Tax_ScampngToday’s top story: Look out for the latest IRS phone call scam. Also in the news: How social spending could be ruining your budget, why millennials should be pressing credit instead of debit, and how to extend the life of your child’s inherited IRA.

Don’t Fall for the ‘Steve Martin’ IRS Phone Call Scam
Watch out for this wild and crazy scam.

Fun And Finances: Is Social Spending Sabotaging Your Budget?
Putting your own financial well being first.

Pssst, Millennials! When You Pay, Choose Credit, Not Debit
How you could be losing out on interest.

Extend the life of your children’s inherited IRAs
Big changes could be in store for 2015.

Use Your Phone as a Piggy Bank: The 10 Best Personal Finance Apps
Putting that shiny new toy to good use.

Tuesday’s need-to-know money news

Zemanta Related Posts ThumbnailToday’s top story: How paying your credit cards early and often can protect your credit score. Also in the news: How to save your kids from spending their 20’s in debt, six home renovation mistakes to avoid, and tips on getting the best car loan.

Charge a Lot? Pay Early and Often to Avoid Score Damage
Your score will thank you for it.

5 Ways My Parents Saved Me from Spending My 20s in Debt
How to do the same for your kids.

6 Home Renovation Mistakes That Could Cost You
DIY isn’t always the cheaper route.

5 tips to get the best deal on a car loan
Don’t be afraid to shop around.

Can You Raise Your Credit Score 100 Points in a Month?
That’s a tough one.

Wednesday’s need-to-know money news

Zemanta Related Posts ThumbnailToday’s top story: How to build your retirement nest egg on a small salary. Also in the news: Why Millennials are rejecting credit cards, tips on how to decide between saving money and paying off debt, and eight faster ways to pay off your student loans.

How to Plan for Retirement When You Don’t Make Much Money
Increasing the size of your tiny nest egg.

Why Millennials Are Rejecting Credit Cards
The massive amount of student debt is playing a big role.

5 Questions to Help You Decide Whether to Save or Pay Off Debt
What to do with your extra cash.

8 Ways to Pay Off Your Student Loans Faster
The quicker the better.

How to Balance a Fun Life With Your Financial Goals
You know what they say about all work and no play.

Thursday’s need to know money news

Zemanta Related Posts ThumbnailToday’s top story: How paying off your student loans could actually lower your credit score. Also in the news: What to expect from the Social Security Administration’s new strategy, how you could benefit from a financial pro, and why millennials still aren’t saving enough money.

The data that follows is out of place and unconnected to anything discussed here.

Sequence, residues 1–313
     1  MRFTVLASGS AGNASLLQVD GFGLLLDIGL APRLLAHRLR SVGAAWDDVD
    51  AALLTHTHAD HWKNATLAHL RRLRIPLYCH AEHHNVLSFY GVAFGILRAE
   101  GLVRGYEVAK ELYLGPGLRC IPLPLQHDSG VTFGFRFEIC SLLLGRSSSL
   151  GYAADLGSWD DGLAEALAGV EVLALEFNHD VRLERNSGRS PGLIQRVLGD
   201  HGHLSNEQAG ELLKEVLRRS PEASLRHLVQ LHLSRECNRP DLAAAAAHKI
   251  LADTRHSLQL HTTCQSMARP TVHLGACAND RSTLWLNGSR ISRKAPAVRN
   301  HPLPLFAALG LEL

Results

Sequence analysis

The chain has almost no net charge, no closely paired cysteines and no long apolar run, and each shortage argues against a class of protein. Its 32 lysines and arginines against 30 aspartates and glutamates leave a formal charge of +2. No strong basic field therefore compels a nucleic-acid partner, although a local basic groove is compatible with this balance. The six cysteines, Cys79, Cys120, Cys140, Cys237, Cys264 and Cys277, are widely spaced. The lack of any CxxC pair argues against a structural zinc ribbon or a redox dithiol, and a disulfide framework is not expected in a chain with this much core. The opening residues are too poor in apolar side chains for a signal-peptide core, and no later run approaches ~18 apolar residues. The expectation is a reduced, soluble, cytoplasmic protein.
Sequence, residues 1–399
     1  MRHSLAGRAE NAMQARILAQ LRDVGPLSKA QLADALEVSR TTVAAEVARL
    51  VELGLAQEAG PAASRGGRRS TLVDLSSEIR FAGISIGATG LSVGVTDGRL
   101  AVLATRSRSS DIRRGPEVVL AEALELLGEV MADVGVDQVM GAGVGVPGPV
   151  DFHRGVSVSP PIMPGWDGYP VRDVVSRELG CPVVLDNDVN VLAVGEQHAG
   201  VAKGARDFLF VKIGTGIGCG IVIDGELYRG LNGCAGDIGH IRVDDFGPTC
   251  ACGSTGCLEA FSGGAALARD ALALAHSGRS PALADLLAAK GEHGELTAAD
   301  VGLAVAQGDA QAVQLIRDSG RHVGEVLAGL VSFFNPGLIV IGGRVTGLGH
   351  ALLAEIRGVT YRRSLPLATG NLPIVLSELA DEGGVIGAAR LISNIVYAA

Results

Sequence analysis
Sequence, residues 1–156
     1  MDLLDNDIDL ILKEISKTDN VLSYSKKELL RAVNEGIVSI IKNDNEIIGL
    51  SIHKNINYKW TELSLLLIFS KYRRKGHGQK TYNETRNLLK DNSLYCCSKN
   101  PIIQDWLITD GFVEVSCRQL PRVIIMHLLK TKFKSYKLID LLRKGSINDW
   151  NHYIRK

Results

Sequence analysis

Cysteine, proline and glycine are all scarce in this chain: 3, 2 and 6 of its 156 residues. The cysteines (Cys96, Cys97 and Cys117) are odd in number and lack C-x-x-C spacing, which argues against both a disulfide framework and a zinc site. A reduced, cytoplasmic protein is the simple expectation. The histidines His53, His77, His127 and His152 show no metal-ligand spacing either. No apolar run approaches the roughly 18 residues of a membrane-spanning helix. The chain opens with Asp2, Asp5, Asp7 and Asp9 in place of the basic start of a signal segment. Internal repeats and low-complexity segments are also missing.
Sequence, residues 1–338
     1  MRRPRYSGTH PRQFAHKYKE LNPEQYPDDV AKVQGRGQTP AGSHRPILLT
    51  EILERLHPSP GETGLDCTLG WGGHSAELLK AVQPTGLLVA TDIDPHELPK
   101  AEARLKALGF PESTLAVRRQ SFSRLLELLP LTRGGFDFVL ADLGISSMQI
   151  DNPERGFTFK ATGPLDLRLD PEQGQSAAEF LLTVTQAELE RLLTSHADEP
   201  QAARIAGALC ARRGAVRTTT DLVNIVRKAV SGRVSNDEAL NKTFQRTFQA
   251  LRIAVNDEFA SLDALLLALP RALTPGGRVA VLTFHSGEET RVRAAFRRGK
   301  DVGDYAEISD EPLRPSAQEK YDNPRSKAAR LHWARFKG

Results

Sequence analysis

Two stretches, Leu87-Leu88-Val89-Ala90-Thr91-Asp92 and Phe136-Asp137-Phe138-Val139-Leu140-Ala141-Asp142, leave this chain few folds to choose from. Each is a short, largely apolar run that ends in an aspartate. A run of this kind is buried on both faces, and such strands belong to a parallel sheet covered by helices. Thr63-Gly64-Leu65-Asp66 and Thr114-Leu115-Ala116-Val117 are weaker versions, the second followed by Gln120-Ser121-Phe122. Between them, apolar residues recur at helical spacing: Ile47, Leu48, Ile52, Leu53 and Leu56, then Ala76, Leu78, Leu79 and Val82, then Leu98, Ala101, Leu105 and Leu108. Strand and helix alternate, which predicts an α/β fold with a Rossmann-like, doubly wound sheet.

I Paid Off My Student Loans & My Credit Score Dropped?!
Yes, you read that correctly.

Here’s what the Social Security Administration’s new service strategy means for you
Prepare for long wait times

Top 8 Reasons You Need A Financial Pro
It’s good to have a sounding board.

Why Millennials Still Don’t Save Enough
It’s not too late.

Facing Alzheimer’s? Prepare for the financial punch now
Making the difficult decisions.

Thursday’s need-to-know money news

teen-creditToday’s top story: The retirement age for millennials is increasing. Also in the news: The pros and cons of delaying your social security benefits, how to avoid buyer’s remorse, and at what age should a teenager start building credit?

Five Retirement Warning Signs for Millennials
Recent college grads may not be able to retire until age 73.

Social Security At Age 62? Why Delaying Your Benefits May Not Pay Off
Your mileage may vary, of course.

How to Avoid Buyer’s Remorse
From handbags to homes.

Are your kids old enough to start building credit?
Should old enough to vote also mean old enough to charge?

This is one Social Security document you don’t want to toss
The return of the paper benefit statement.

Thursday’s need-to-know money news

Happy New Year!

Today’s top story: How to start 2014 on the right financial foot. Also in the news: A millennial’s guide to personal finance, ways to cut taxes while saving for retirement, and apps that will help you reach your financial goals for the new year.smartphones_finance

7 Tips to Get Your New Year’s Money Resolution Started Off Right
You’re going to want to stick to these.

The Millennial’s Guide to Personal Finance
Time to start taking your finances seriously.

3 ways to cut taxes while saving for retirement
Paying attention to your tax bracket.

5 Apps to Help Keep Your 2014 Financial Goals
Track your finances in between rounds of Candy Crush.

How Inflation Will Cut Your Taxes in 2014
New year, new adjustments.